Neuro-Oncology 10/2014; 16(suppl 7):vii36-vii47. DOI:10.1093/neuonc/nou226 · 5.29 Impact Factor
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    ABSTRACT: Over the past 20 years, very few agents have been approved for the treatment of brain tumors. Recent studies have highlighted some of the challenges in assessing activity in novel agents for the treatment of brain tumors. This paper reviews some of the key challenges related to assessment of tumor response to therapy in adult high-grade gliomas and discusses the strengths and limitations of imaging-based endpoints. Although overall survival is considered the "gold standard" endpoint in the field of oncology, progression-free survival and response rate are endpoints that hold great value in neuro-oncology. Particular focus is given to advancements made since the January 2006 Brain Tumor Endpoints Workshop, including the development of Response Assessment in Neuro-Oncology criteria, the value of T2/fluid-attenuated inversion recovery, use of objective response rates and progression-free survival in clinical trials, and the evaluation of pseudoprogression, pseudoresponse, and inflammatory response in radiographic images.
    Neuro-Oncology 10/2014; 16(suppl 7):vii2-vii11. DOI:10.1093/neuonc/nou224 · 5.29 Impact Factor
  • Cancer Research 10/2014; 74(19 Supplement):5543-5543. DOI:10.1158/1538-7445.AM2014-5543 · 9.28 Impact Factor
  • 39th ESMO Congress (ESMO); 09/2014

Publication Stats

17k Citations
2,067.45 Total Impact Points


  • 2009–2015
    • Leiden University Medical Centre
      • Department of Pathology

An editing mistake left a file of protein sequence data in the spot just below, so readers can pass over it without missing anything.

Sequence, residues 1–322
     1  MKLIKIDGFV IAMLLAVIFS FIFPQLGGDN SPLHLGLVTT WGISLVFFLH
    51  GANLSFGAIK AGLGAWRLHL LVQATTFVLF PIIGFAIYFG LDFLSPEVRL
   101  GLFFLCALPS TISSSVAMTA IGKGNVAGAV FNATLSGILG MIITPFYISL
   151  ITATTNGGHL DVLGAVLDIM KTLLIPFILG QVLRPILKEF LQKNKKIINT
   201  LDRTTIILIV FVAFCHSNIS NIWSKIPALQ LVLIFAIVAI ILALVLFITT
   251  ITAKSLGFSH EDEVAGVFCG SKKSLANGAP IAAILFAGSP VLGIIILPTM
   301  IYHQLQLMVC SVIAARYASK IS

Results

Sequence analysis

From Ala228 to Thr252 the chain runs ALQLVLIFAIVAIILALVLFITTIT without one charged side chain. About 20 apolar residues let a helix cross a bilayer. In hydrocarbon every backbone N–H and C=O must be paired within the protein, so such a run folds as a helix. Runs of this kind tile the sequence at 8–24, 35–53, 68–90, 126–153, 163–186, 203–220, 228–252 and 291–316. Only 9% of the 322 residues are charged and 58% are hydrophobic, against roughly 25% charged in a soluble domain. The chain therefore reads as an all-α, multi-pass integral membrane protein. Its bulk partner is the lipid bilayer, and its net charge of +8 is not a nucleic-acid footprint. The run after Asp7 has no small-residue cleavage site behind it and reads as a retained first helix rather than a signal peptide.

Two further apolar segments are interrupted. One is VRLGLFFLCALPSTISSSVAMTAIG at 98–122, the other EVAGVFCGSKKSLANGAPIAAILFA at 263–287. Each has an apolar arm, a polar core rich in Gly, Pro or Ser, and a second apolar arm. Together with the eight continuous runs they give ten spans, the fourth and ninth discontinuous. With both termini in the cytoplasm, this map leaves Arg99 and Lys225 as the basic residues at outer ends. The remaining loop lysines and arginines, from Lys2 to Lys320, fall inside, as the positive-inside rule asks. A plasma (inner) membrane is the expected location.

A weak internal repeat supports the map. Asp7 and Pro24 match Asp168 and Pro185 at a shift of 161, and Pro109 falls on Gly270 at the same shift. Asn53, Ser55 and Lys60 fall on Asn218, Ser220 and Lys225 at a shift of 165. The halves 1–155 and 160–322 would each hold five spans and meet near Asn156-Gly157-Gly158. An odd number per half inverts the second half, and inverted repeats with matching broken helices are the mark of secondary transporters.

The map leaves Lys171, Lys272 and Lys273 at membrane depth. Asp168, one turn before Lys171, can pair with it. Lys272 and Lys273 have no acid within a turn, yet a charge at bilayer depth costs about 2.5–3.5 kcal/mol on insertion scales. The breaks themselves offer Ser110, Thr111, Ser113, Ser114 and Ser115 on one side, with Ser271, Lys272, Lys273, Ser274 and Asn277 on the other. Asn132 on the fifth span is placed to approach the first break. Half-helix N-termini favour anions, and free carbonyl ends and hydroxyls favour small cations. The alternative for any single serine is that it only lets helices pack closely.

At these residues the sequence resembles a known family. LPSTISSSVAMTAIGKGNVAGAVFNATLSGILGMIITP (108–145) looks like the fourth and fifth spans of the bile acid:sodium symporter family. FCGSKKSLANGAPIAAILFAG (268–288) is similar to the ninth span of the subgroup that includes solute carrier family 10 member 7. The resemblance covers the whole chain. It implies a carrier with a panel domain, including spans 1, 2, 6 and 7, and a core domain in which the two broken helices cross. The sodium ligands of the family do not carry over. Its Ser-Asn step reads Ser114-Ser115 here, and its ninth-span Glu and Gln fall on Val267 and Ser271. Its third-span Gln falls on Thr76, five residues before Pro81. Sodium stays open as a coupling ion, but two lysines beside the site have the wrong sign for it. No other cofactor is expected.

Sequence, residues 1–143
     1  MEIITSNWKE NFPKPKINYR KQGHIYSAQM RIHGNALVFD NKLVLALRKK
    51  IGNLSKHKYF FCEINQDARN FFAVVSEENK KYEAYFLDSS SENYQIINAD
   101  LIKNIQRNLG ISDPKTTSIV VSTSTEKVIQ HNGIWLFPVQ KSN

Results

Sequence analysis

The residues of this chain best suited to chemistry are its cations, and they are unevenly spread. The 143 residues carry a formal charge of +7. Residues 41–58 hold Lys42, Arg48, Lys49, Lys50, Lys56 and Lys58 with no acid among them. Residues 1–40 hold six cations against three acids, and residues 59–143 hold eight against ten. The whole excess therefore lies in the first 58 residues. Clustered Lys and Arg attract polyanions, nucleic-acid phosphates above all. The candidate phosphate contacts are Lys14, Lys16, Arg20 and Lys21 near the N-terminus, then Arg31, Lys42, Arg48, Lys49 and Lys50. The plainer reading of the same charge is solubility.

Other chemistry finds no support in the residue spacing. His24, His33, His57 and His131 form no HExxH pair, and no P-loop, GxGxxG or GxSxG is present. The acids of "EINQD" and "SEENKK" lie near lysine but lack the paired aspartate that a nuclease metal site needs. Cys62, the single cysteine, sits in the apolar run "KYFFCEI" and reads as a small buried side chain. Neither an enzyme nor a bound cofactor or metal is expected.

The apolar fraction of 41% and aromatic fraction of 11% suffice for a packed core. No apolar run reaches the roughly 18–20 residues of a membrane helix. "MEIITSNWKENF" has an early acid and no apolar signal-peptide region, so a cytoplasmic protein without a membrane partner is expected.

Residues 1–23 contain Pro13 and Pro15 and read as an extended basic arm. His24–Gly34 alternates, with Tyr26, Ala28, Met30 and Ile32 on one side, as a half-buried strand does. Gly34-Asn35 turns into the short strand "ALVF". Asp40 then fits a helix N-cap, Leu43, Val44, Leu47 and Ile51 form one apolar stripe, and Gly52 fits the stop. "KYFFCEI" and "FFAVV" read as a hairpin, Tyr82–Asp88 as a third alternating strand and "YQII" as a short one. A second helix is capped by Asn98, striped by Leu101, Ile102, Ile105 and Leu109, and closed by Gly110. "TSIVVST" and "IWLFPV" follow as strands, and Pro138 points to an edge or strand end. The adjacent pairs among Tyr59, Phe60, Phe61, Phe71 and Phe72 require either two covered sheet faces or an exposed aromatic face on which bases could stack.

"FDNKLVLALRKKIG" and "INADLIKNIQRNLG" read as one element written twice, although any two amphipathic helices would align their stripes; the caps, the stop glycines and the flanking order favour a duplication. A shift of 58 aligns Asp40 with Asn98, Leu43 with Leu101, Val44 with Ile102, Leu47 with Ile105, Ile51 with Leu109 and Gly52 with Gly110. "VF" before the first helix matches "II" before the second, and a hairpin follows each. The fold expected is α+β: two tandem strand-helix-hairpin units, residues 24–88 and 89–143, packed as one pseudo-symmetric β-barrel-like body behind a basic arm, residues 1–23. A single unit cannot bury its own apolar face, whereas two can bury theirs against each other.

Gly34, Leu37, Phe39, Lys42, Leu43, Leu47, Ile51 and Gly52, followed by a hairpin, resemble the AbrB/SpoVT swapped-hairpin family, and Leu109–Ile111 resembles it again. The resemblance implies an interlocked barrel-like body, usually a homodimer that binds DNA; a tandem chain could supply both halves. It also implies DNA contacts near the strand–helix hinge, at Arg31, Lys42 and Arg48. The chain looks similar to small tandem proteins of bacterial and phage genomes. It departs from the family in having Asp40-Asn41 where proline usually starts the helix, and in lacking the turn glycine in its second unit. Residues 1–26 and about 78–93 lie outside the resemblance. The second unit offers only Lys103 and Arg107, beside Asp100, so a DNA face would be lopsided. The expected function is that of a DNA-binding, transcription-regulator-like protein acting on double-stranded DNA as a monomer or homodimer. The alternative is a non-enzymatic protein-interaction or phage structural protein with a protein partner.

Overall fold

Leyden, South Holland, Netherlands
    • University of Virginia
      • Department of Neurology
      Charlottesville, VA, United States
  • 1994–2015
    • Erasmus MC
      • • Department of Neurology
      • • Daniel den Hoed Centre
      • • Department of Medical Oncology
      Rotterdam, South Holland, Netherlands
  • 2009–2013
    • University of Lausanne
      • Centre hospitalier universitaire vaudois (CHUV)
      Lausanne, Vaud, Switzerland
  • 1996–2013
    • Netherlands Cancer Institute
      • Department of Medical Oncology
      Amsterdamo, North Holland, Netherlands
  • 1994–2013
    • Erasmus Universiteit Rotterdam
      • • Department of Neurology
      • • Daniel den Hoed Cancer Center
      Rotterdam, South Holland, Netherlands
  • 2009–2011
    • University of Zurich
      • Division of Neuropsychology
      Zürich, ZH, Switzerland
  • 2008
    • European Organisation for Research and Treatment of Cancer
      Bruxelles, Brussels Capital Region, Belgium
  • 2007
    • Memorial Sloan-Kettering Cancer Center
      New York, New York, United States
    • University Medical Center Utrecht
      • Department of Neurology
      Utrecht, Provincie Utrecht, Netherlands
  • 2006
    • The University of Calgary
      Calgary, Alberta, Canada
  • 2005
    • University Hospital of Lausanne
      • Service de radio-oncologie
      Lausanne, Vaud, Switzerland
  • 2003
    • Utrecht University
      Utrecht, Utrecht, Netherlands